News News from Hungary 1.5 Mil­lion Hun­gar­i­an WW1 Heroes’ Names Acces­si­ble in Unique Database

1.5 Mil­lion Hun­gar­i­an WW1 Heroes’ Names Acces­si­ble in Unique Database

The data­base of Hun­gar­i­an WW1 heroes is freely acces­si­ble to every­one. It con­tains the names of all the sol­diers who fought in the First World War who were injured, cap­tured, or killed, with data like impor­tant dates and loca­tions (for instance, the place of bur­ial if known).

The data­base is the result of an eight year dig­i­tal­iza­tion process. In total, 1,538,818 Hun­gar­i­an cit­i­zen sol­diers’ data has been col­lect­ed and can now be accessed. It was a joint project of the Defence Min­istry, the First World War Cen­te­nary Memo­r­i­al Com­mit­tee, the Nation­al Archives of Hun­gary, and many more coun­ty and for­eign archives, said Vil­mos Kovács, Com­man­der of the Insti­tute and Muse­um of Mil­i­tary His­to­ry. Apart from this data­base, there were numer­ous oth­er phys­i­cal projects too – 26,710 graves and 370 buri­als were renewed, and many more memo­ri­als were established.

Hun­gary can only be held respon­si­ble for World War I as any oth­er par­tic­i­pat­ing coun­try, says his­to­ri­an Balázs Ablon­czy, whose new book, “Unknown Tri­anon,” has just been pub­lished. On the oth­er hand, the bad per­cep­tion of Hun­gary in the world at the time played a role in that the treaty hit the coun­try par­tic­u­lar­ly hard. […]Con­tin­ue reading

The First World War Cen­te­nary Memo­r­i­al Com­mit­tee played a key role in the project’s real­iza­tion. The estab­lish­ment of this board is also excep­tion­al, and it has been work­ing on ade­quate­ly remem­ber­ing WWI for six years.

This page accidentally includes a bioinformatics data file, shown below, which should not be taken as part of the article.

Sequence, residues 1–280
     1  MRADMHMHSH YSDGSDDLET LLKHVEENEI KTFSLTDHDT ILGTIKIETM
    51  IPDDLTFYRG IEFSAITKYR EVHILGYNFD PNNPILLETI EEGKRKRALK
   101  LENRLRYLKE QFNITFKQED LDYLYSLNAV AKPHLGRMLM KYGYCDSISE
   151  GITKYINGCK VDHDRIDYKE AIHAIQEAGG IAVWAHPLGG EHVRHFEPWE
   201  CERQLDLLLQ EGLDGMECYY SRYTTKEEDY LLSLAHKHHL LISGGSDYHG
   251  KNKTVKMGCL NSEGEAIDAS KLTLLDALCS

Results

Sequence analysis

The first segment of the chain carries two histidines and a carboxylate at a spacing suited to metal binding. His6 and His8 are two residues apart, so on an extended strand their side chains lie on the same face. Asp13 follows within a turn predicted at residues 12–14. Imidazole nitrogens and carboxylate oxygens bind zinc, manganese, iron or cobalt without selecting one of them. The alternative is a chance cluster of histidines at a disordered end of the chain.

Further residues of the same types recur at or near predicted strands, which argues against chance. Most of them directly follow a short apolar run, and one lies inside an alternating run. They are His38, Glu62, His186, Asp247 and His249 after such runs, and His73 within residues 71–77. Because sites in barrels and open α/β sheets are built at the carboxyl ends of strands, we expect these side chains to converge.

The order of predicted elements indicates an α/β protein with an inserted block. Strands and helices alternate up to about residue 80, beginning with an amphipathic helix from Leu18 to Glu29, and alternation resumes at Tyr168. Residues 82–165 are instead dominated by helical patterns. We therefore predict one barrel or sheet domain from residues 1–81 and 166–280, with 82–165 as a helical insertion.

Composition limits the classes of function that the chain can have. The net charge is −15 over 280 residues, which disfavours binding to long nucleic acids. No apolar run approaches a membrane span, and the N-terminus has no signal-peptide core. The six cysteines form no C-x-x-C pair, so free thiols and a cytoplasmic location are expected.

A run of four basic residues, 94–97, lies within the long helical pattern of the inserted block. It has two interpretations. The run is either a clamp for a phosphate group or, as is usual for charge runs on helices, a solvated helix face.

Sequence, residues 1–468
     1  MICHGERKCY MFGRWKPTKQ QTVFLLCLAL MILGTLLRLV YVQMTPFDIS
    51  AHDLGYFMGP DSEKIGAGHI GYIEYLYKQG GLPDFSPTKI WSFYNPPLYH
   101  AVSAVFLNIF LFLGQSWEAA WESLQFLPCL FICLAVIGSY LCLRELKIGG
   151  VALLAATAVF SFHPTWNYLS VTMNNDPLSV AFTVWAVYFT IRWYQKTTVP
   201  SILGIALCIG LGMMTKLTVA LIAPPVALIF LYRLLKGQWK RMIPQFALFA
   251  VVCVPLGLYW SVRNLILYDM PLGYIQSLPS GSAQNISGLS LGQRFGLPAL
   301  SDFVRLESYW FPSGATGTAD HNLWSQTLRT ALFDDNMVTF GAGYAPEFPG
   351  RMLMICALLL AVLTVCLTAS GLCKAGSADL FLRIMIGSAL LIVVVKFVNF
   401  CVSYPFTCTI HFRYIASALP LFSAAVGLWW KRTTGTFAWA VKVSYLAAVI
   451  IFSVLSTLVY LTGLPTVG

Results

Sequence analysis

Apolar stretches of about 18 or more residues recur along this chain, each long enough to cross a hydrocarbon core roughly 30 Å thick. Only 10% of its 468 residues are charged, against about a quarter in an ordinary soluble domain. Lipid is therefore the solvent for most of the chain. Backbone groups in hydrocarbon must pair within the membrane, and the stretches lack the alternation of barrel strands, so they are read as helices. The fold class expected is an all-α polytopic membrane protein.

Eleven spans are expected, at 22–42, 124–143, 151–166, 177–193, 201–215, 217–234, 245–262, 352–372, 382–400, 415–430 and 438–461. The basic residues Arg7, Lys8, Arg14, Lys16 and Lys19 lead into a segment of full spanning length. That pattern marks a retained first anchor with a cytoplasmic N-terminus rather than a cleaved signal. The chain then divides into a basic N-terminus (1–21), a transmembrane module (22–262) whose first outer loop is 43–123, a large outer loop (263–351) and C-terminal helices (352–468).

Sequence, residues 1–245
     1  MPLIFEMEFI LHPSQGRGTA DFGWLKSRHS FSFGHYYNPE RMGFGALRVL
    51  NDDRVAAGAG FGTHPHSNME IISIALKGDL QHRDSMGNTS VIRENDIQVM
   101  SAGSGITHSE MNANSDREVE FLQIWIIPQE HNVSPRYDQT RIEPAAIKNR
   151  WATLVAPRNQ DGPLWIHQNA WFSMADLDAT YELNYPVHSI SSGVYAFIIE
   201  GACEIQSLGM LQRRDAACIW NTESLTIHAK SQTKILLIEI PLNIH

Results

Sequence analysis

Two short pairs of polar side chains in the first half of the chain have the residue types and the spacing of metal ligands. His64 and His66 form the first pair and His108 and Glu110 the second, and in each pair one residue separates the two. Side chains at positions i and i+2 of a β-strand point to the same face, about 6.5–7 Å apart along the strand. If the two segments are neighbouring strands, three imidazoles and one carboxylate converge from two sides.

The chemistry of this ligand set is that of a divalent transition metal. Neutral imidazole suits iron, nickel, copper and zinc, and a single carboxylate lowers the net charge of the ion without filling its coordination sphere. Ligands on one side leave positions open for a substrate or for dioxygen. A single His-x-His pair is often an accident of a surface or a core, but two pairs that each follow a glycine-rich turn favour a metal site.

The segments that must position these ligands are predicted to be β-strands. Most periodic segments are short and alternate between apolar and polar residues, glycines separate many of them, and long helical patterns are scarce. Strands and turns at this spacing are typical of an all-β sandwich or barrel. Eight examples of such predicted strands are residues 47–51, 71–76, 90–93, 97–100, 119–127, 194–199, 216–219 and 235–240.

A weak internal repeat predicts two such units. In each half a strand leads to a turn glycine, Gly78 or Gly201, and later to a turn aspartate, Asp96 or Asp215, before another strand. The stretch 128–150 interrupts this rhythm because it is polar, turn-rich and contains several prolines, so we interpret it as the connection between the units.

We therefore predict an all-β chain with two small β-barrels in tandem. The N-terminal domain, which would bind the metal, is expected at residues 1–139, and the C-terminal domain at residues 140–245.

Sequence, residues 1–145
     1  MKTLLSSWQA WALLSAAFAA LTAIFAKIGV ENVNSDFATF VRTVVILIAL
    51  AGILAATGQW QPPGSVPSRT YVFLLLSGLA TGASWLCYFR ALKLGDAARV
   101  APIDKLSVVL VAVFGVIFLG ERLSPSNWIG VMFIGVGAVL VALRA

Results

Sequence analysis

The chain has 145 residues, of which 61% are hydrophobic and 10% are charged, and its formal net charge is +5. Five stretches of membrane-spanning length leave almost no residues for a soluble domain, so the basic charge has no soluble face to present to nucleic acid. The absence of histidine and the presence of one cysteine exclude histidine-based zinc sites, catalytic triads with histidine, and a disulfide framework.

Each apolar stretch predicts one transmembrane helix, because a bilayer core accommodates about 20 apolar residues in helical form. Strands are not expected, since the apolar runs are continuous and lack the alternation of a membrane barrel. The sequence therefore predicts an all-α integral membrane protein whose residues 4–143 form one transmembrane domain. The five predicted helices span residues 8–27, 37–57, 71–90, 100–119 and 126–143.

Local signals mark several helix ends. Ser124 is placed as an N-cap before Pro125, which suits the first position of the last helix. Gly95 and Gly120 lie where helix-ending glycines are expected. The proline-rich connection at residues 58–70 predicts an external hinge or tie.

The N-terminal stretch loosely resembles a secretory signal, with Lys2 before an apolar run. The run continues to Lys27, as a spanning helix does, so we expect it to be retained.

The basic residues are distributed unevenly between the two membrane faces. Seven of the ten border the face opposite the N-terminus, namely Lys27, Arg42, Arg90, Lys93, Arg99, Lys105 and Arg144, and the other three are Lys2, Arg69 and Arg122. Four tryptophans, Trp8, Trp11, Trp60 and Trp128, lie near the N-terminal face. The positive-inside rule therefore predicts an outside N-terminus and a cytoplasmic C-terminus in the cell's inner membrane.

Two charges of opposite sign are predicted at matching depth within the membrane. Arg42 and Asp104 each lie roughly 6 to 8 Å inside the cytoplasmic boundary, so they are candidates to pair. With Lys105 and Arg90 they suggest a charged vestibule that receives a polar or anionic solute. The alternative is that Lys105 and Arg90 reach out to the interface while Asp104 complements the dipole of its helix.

Szilárd Németh, par­lia­men­tary sec­re­tary of state of the Defence Min­istry, stressed that the release of the data­base is in hon­or of the sol­diers, and “nation­al defense is the mat­ter of the whole nation.”

Bence Rétvári, par­lia­men­tary state sec­re­tary of the human resources min­istry has stressed the unique­ness of the data­base – there has not been such a large amount of evi­dence uncov­ered in any of the world’s coun­tries. He said it is of cru­cial impor­tance since all the fam­i­lies have pre­de­ces­sors involved in the war, so it’s an oppor­tu­ni­ty for them to feel proud of their her­itage. Also, it is use­ful for research in the areas of mil­i­tary and social his­to­ry, soci­ol­o­gy, and genealogy.

Fea­tured pho­to illus­tra­tion by Fer­enc Bindorfer/Fortepan

Source: hun​gary​to​day​.hu